Boosting Breakfast with Whole Grains

Go-getter Team

, Food Diary

Breakfast is the most important meal of the day, so make it count with nutritious whole grain dishes, both sweet and savoury

Breakfast is absolutely necessary to replenish one’s supply of energy and other nutrients to jump start metabolism. It is thus important to pick healthy foods that keep one energised throughout the day and whole grains are definitely the best choice. Thus, it’s good to get a few servings of these daily at breakfast.

Whether one craves pancakes, oatmeal, bread, dosas or upma, for breakfast one can have delicious and healthy options brimming with whole grains like quinoa, barley, millet and buckwheat, in some form or the other. Owing to the array of nutritional benefits that whole grains impart, coupled with the lifestyle changes people are undergoing, whole grains are back in several households and hotel kitchens. A tasteless bowl of steaming mush made with oatmeal or muesli with nuts and fruits, are not the only porridge or cereal options. The choices today are infinite – buckwheat, quinoa, bulgur wheat, barley, nachni or ragi, rajgira and bajra. These can be incorporated in a myriad exciting ways, along with other ingredients, into one’s breakfast to inculcate variety.

Chef Pradeep Rao, Chef de Cuisine, The Ritz-Carlton, Bangalore, reiterates, “Whole grains retain the bran and hence are rich in protein and fibers. Because they digest slowly, one ends up feeling fuller longer and retain their energy levels. Also, if you’ve started the day on a healthy note, you end up feeling upbeat and fitter. Whole grains are very easy to work with. A chef only needs to get creative and work his magic with these grains.”

Gothumai Rava

Versatile Whole Grains

One merely needs to use one’s imagination when combining whole grains with other flavourful ingredients to rustle up an interesting breakfast item. These need not be consumed in the grain form alone as flours made from whole grains are a simple way to make use of these. Whole grains can add interesting textures to dishes too. Chef Anurudh Khanna, Executive Chef, The Westin Pune, Koregaon Park, suggests combining these with milk, yoghurt or water, either by boiling, roasting, poaching and stewing whole grains, thus making them easily digestible.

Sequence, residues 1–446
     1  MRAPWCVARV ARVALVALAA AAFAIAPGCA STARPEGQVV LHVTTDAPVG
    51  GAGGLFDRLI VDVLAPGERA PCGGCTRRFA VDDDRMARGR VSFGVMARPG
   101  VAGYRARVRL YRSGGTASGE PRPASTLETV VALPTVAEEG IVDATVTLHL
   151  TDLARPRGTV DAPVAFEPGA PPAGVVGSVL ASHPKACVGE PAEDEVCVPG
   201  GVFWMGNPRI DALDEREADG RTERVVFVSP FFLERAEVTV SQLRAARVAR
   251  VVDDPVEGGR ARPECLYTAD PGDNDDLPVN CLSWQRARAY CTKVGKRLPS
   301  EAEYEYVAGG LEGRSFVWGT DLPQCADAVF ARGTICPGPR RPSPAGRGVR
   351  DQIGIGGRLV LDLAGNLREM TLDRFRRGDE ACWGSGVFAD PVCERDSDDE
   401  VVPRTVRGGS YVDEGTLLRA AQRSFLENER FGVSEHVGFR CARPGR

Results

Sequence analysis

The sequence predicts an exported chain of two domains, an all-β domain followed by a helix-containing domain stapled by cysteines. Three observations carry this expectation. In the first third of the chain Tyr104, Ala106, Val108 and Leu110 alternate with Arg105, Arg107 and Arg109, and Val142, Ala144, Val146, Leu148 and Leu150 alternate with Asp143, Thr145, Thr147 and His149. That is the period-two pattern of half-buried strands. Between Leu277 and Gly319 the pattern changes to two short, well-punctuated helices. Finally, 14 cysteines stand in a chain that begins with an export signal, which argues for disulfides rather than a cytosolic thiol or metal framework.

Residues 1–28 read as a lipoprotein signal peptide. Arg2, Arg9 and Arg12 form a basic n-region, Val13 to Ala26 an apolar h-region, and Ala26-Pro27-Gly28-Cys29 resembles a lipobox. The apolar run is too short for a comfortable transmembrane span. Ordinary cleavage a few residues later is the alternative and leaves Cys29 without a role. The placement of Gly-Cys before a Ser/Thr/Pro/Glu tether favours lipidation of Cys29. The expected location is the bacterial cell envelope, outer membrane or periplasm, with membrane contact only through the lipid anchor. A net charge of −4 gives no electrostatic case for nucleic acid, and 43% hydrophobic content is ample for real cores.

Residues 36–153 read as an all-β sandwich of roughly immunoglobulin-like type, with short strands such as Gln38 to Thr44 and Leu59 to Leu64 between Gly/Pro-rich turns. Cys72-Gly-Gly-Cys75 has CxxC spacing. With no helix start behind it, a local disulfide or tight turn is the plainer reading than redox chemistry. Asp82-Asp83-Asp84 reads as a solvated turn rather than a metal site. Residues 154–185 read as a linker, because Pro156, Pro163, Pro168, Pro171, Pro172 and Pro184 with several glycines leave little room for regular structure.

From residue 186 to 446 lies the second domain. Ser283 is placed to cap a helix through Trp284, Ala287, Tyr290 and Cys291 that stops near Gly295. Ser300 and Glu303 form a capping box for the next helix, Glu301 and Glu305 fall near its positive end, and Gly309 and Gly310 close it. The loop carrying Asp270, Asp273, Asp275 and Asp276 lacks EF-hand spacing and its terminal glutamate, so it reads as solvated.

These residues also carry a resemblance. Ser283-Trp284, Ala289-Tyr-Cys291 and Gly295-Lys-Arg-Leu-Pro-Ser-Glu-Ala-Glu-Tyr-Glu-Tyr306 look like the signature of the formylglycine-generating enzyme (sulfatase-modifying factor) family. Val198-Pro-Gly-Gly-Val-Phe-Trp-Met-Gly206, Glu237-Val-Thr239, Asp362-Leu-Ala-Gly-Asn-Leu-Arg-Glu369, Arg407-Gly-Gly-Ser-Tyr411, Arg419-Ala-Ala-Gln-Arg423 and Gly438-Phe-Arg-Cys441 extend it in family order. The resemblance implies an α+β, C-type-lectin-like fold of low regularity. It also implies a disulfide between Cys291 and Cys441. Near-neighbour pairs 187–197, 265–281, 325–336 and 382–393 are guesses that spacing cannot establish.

Even if one is keen on a western breakfast with toast, eggs or pancakes, whole grains easily lend themselves to these. Multi-grain bread, quinoa in omelettes, barley cereal with low fat milk or yogurt, buckwheat crepes, millet porridge or ground millet muffins, there’s something for every palate. Chef Rao cautions, “Balance of ingredients is critical when using whole grains with other ingredients. Also, a little bit of planning ahead is important, as some whole wheat grains are coarse and need a fair bit of soaking in water to help them fluff up.”

Eat Local, Think Global

These whole grains are versatile and need not merely be used in cereals or in pancakes and crepes. Closer home, as Indians prefer dosas, upma, idlis, theplas and parathas for breakfast, whole grains like ragi, bajra, kuttu and barley, can be added to these too.

Again, couscous, barley, buckwheat and quinoa can be incorporated interestingly into Indian breakfast items too. Chef Khanna, recommends couscous for upma instead of the usual rawa or semolina. “Couscous can be tossed with fresh green vegetables and seasoned well to make a healthy high fibre, light upma for breakfast.”

Similarly, buckwheat (not from wheat) is a pseudo grain that is hugely popular as it is gluten free and is being used to make parathas for breakfast, apart from the usual crepes. Oats too make for a delicious savoury upma with vegetables, apart from being cooked with milk as porridge. Oats can also be mixed with besan (gramflour) to make a healthy chilla with vegetables, or even used to roll a ragi patty or tikki for breakfast, before being shallow fried.


Multi-purpose Millets

However whole grains need not always be exotic as local whole grains are equally beneficial. A source of calcium, magnesium, iron, protein and fibre, the finger millet or ragi is now in great demand. Keppa or ragi roti has made a comeback and is being combined with fenugreek for additional benefits. Koozh, a ragi-based porridge with a buttermilk base, consumed mainly in Chennai, is also preferred. Many also opt for ragi idli. Many chefs suggest that, ragi, which is generally difficult to digest, should be soaked, sprouted and dried, prior to milling into atta, to improve its nutrient absorption.

Bajra or jowar Khichu is another breakfast staple of Gujarat, where bajra or jowar flour is combined with other whole grain flours, yoghurt and spices to make an upma-like dish. Thalipeeth, the savoury multi-grain pancake of Maharashtra too uses bajra and is perfect to kick-start one’s day. Bajra roti and garlic chutney is a breakfast enjoyed by our ancestors and is making a comeback again.

Jowar flour combined with rice flour, makes the perfect batter for uttapams, along with onions, green chilies and coriander. Rajgira, a wonder grain, comes in flour and grain form and is used in extensively in making rotis, theplas, breads and puris.

For the Sweet Tooth

Crepes, muffins and granola bars are not the only options to pander one’s sweet cravings at breakfast. Ragi halwa, nachni satva or a popular porridge in Maharashtra, sweet pancakes made with multi-grain flours like ragi and jowar, are equally great options. Enhance the sweetness with maple syrup, jaggery or honey.

So be it scrambled eggs with whole wheat grains paired with an oatmeal toast or a ragi upma, almost any dish can be made healthier by substituting regular flour for a whole-grain variety. With a little effort, this can set the tone for the day.

written by: Mini Ribeiro

Leave a Reply